In the troubled years between the World Wars, Rolf and Otto, and Otto's cousin, Louisa, children of prosperous Jewish families in Nuremberg, Germany, become devoted friends. In the midst of growing unrest and increasing anti-Semitism, Franz and his wife, a woman plagued by "nerves," send Louisa to a Swiss boarding school, then to England. Rolf's family too realizes Hitler's hell is descending on Jews. With family help, Rolf emigrates to America, finds employment and plunges into volunteer work helping other Jews escape. Otto follows. Louisa, however, is seduced by one Englishman, and then another, before the friends finally meet in New York City. Stolid, conservative Rolf and fun-loving, adventurous Louisa marry, each seeking what the other will never be able to give. Louisa becomes pregnant. Then she is almost immediately diagnosed with a benign brain tumor. Surgery leaves her partially paralyzed and baby Emma in the care of a duplicitous housekeeper, a hypocrite Rolf cannot recognize. That Louisa is no longer the person Rolf idealized leads to divorce, something they each regard as a confirmation of their destiny to be unhappy. Adult Emma sees the divorce as betrayal, a failure later mirrored when Emma is betrayed by her own lover, a mysterious Cambodian activist. While almost every other character is superbly realized, Otto's story is the least explored, perhaps presenting him as a metaphor for those who escaped without crippling emotional damage. Toynton also delves into the melancholy fate of Louisa's parents and their friends, a doctor and his wife, who fled the Nazis but languish in America, haunted by the "Old World...with all its weight of senseless suffering." Toynton's work is deeply emotional, capturing the malaise shadowing those from whom everything familiar, everything loved, has been stolen, symbolized at the novel's conclusion by an heirloom locket snatched away from Emma by a mugger.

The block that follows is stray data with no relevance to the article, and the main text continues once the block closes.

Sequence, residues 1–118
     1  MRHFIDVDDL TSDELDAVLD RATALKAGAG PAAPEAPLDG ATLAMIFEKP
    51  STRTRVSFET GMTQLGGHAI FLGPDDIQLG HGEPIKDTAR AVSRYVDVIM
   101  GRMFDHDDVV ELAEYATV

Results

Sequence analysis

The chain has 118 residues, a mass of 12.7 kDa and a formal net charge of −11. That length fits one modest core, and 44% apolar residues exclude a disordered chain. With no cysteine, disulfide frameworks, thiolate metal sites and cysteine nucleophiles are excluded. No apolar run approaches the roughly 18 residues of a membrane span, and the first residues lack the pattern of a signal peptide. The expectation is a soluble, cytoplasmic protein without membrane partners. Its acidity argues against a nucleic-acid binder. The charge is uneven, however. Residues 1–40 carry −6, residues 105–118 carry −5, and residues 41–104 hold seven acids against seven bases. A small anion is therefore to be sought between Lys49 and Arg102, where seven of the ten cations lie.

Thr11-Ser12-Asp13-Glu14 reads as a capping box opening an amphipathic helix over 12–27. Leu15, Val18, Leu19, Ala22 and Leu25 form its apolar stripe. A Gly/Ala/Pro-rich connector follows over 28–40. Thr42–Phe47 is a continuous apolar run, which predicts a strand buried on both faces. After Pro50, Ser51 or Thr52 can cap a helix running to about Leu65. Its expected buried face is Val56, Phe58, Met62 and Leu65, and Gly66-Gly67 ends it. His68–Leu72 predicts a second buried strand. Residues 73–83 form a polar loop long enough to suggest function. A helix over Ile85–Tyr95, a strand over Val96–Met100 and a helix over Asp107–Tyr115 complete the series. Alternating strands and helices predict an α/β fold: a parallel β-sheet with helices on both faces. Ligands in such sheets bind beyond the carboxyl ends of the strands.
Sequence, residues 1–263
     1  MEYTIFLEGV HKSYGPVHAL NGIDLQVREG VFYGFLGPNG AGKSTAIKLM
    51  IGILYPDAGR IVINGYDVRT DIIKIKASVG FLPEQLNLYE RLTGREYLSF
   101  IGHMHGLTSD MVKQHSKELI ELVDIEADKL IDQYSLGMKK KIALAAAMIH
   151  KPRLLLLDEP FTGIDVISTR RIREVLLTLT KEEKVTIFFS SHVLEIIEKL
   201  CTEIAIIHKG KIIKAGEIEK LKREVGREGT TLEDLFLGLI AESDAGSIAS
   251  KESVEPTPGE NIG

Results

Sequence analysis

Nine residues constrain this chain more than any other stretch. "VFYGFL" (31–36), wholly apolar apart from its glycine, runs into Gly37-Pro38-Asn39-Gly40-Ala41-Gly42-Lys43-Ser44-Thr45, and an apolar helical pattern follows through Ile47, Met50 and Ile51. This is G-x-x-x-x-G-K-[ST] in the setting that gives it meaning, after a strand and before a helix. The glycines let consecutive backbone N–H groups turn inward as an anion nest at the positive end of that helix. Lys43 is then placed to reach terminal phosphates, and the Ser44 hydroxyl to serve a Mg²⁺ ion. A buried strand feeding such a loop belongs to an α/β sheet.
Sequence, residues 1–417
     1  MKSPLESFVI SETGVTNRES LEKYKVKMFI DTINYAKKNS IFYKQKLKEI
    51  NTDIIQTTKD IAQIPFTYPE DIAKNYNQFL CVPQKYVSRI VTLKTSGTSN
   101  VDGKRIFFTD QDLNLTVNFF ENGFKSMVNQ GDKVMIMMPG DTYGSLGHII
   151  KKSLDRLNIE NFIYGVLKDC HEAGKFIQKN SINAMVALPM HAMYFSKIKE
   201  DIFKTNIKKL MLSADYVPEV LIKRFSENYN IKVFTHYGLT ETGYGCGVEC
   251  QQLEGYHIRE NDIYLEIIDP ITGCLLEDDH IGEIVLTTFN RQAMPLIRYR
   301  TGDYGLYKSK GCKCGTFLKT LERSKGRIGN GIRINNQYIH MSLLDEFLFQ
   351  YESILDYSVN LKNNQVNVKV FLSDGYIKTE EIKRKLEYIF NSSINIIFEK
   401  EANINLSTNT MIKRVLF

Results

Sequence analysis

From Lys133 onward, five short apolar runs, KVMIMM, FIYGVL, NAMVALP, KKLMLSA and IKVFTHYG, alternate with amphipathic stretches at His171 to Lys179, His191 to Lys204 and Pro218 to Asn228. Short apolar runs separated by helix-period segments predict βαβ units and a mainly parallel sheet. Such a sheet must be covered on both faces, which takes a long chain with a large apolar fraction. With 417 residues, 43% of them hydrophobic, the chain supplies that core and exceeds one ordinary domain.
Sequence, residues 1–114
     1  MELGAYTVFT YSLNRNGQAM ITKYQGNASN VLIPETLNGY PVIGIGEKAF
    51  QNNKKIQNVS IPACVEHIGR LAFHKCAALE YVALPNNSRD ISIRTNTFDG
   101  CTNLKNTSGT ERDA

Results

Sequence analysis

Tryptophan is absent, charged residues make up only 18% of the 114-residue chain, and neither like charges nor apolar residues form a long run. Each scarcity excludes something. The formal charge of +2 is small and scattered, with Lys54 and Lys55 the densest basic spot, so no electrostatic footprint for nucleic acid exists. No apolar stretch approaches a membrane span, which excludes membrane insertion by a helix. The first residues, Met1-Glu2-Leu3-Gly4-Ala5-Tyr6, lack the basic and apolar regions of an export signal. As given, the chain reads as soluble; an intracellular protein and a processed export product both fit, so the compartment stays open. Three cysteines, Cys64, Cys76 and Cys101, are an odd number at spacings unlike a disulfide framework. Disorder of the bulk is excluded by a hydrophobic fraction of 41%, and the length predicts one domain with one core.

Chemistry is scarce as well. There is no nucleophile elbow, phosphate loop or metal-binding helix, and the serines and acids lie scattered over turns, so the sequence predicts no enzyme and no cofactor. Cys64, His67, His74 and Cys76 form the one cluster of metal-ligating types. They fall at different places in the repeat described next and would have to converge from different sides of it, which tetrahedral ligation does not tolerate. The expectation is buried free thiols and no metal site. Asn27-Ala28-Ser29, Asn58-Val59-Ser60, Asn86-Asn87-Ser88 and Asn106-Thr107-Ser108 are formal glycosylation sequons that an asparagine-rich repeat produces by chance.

A first-rate literary work and a character study of loss.

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At the school in Lausanne, the Italian boarders wore silk underwear and high-heeled sandals, and painted each other’s toenails after tea, but they crossed themselves a lot and were strict about their purity; they were saving themselves for the men they would marry. The English, they said, rolling their eyes, had no morals whatsoever. “Is due to their climate. Everybody go to bed with everybody there to become warm.”
   But Louisa did not believe this. The English girls, with their light scornful voices and careless grace, were so clearly a higher order of being. At dinner they commandeered the best table, as though by right, and afterwards took possession of the red parlor next door, where there was a fire laid every night, and a vase of silk peonies was reflected in an ornate gilt mirror. If one of the Greeks or Germans or Italians wandered in to retrieve a book or a handkerchief left behind during the day, the English girls would fall silent, watching her, until she retreated again.
Everyone grumbled about them behind their backs—it was a bond among all the other nations—but was nonetheless eager for their approval. The Swiss girls seemed happy to be asked about local dressmakers or cafes; the French girls, when approached to explain the rules of the subjunctive in their language, were delighted to oblige.
   The most glittering of the English boarders was Celia, who could often be heard on the telephone under the stairs, expressing disbelief: “Tell me you didn’t. Are you completely barking mad, poppet?…He can’t have. Not even the Caitfords are that stupid…” She had once stopped Louisa on the landing and asked her if she happened to have seen a pink kid glove anywhere; Louisa wished passionately that she could produce it, but she couldn’t, and Celia went on up the stairs.